How Rupert Went Wrong

A small step in the evolution of social media happened over the new year when Rupert Murdoch joined Twitter and almost immediately, and predictably, he fell for some of the traps we all fall into when starting online.

While there’s still a nagging doubt as to whether the @rupertmurdoch account is real, despite the assurances of Twitter founder Jack Dorsey, there’s a few lessons other new users can draw from Rupert’s experience.

Shut up and listen
One of the unfortunate things about social media is how everybody assumes their voice has to be heard. It’s a mistake we all make when we first join theses services.

Like social contexts, it’s best to be quiet when you first join until you’ve figured out the protocols, manners and dynamics of the group.

Just stumbling in and blasting your opinions out doesn’t usually work well whether we’re at the pub, mothers’ group, updating Facebook or posting on Twitter. The key is to understand why you are there.

It’s about community
The first word in social media is “social”, these online services are a society and just restricting your circle to a select few isn’t go to give you a great deal of benefit.

Rupert Murdoch’s account is a good example of how many people restrict themselves; at the time of writing he’s following five users. If it really is Rupert Murdoch behind the account, he’s missing some good and relevant stuff.

If the person behind the account is really a new user, then they are probably wondering what all the fuss is about as two of the five accounts they are following haven’t been updated in months.

Share the love
Retweeting, that is passing on interesting Tweets, makes your feed more useful. Of course you aren’t going to much material to retweet if you’re only following five people.

When you want to praise a book, website or something else make try to include a link so your followers can check it out too. Saying you’re proud of a Fox production without a click through is wasting your online affections.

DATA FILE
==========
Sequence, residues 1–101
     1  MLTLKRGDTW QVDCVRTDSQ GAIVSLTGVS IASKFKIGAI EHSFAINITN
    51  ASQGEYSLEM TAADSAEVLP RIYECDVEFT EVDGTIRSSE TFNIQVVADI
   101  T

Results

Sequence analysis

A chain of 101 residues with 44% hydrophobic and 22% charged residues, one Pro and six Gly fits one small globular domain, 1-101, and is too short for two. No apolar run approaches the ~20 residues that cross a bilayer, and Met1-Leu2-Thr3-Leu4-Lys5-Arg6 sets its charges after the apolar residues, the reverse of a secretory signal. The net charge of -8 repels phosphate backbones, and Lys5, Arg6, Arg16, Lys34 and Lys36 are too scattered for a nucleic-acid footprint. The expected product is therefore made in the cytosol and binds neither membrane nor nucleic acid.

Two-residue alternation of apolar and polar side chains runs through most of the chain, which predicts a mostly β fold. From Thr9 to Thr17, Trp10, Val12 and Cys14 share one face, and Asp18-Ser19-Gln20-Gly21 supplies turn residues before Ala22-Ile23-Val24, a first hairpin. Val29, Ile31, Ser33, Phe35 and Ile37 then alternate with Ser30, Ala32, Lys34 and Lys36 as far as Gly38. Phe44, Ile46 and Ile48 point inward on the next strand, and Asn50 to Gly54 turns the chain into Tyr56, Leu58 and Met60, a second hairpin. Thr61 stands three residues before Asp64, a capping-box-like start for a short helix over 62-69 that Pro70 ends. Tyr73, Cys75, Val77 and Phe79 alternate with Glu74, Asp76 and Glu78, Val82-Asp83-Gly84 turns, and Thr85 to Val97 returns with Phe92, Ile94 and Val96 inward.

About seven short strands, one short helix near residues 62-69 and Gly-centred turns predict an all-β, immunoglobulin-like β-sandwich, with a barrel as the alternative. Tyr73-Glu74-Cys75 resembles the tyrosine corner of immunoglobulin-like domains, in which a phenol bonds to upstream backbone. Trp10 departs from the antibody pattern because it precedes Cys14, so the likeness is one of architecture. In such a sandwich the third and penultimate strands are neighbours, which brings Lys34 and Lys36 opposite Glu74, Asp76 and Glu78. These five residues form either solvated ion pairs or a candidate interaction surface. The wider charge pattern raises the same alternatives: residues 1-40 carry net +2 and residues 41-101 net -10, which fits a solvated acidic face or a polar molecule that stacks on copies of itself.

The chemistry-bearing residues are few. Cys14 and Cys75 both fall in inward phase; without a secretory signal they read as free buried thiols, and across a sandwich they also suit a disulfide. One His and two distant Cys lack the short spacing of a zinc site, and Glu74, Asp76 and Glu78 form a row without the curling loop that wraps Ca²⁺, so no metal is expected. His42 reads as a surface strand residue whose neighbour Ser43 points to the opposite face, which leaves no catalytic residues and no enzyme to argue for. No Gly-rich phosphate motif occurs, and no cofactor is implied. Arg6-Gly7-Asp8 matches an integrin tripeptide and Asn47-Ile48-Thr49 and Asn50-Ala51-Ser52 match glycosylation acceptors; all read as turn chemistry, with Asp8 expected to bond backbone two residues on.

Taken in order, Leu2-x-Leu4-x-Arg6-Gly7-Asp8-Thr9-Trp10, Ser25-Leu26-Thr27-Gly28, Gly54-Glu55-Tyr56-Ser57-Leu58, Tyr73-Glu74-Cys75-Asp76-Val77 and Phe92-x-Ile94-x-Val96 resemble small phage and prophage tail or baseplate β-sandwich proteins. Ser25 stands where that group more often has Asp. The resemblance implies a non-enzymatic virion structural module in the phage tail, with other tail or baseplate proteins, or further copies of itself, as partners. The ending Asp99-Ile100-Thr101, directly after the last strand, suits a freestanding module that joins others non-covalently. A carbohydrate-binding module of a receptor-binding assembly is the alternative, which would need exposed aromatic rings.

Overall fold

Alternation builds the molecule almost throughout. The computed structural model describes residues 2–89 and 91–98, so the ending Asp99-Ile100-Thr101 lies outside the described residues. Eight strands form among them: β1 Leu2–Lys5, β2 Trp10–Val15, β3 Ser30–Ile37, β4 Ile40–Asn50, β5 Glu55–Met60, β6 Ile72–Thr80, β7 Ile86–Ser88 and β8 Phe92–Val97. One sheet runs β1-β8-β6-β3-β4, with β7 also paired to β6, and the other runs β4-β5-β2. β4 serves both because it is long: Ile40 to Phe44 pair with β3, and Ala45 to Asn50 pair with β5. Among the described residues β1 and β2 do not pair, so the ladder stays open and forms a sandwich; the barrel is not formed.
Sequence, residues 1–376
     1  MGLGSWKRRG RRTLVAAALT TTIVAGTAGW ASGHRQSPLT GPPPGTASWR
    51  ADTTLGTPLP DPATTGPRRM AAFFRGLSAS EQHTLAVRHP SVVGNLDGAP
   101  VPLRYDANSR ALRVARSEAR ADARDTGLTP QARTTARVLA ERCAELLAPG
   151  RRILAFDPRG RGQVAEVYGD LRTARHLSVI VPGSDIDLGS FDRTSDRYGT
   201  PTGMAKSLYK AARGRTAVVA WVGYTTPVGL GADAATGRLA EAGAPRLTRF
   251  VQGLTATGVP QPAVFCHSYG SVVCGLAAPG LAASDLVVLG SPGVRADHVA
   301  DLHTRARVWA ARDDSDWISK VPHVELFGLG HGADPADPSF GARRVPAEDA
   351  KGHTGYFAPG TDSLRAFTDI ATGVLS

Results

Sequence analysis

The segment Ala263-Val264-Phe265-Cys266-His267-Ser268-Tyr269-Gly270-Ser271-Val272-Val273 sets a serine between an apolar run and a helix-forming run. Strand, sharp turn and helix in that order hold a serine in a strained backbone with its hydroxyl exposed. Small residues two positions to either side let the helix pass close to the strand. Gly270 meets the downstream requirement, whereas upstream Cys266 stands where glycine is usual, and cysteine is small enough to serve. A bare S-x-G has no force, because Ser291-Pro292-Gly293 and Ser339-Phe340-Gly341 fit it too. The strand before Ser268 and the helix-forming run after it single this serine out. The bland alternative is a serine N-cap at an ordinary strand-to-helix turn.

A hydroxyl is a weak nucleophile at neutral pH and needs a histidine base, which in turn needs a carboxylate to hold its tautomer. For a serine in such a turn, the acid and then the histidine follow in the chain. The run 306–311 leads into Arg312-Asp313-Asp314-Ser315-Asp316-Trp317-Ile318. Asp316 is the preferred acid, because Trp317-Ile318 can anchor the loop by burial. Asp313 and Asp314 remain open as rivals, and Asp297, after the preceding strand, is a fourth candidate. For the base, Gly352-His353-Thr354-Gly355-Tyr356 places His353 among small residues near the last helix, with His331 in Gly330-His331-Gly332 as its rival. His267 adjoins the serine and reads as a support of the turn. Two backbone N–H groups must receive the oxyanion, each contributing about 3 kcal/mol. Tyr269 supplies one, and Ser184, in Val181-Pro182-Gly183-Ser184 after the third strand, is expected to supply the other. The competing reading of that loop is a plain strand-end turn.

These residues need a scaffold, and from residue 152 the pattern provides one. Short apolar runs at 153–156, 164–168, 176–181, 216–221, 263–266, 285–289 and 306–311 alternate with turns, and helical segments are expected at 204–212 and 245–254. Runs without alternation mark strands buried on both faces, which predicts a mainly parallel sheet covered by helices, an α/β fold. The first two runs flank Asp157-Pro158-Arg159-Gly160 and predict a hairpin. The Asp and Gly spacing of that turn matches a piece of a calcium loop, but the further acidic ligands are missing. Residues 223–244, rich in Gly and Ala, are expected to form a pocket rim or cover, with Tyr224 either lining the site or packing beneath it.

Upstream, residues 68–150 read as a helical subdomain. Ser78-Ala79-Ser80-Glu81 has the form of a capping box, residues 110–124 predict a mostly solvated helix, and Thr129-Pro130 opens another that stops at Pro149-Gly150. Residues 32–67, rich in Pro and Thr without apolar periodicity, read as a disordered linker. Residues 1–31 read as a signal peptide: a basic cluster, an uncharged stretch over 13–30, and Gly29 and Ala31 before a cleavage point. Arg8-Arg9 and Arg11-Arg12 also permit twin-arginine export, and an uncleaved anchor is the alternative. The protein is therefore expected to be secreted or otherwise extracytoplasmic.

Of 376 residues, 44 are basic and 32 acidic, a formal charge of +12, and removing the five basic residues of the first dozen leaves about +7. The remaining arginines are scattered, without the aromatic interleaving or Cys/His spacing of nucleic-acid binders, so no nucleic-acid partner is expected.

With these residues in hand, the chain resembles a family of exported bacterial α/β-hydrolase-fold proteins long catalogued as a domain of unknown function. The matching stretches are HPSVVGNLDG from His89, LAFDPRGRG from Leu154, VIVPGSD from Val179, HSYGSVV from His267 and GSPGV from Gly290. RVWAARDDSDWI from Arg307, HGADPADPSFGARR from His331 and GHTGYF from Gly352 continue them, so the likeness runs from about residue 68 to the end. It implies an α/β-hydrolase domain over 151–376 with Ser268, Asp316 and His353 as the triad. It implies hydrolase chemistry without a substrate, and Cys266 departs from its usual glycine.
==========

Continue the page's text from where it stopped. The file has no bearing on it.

Be careful what you say
Often people describe social media, particularly Twitter, as being like a bar room conversation. That’s kind of true if you’re in a bar where the entire world can listen into what’s being said.

If you’re going to diss an entire nation’s holiday habits, just be aware that some of those folk are going to hear about it.

What’s your objective?
Why are you here is a good question. Have you come to listen to customers, learn from industry leaders, spruik a product, find a job, catch up with the folks or be one of the online hipsters?

All of these and any other zillion objectives are perfectly valid reasons for joining a social media service. So listening and posting in ways that help your objectives makes sense, as does following the right people.

The whole point of using social media services – be it Twitter, Facebook, LinkedIn or any of the other hundreds of online networking platforms – is to listen, learn and talk with your peers and the leaders of the areas you’re interested in. Perhaps you’ll even be considered a leader, as Rupert Murdoch certainly is.

Starting by listening and understanding how a social media service works and where it adds value for you will make using the site a far better investment of your time.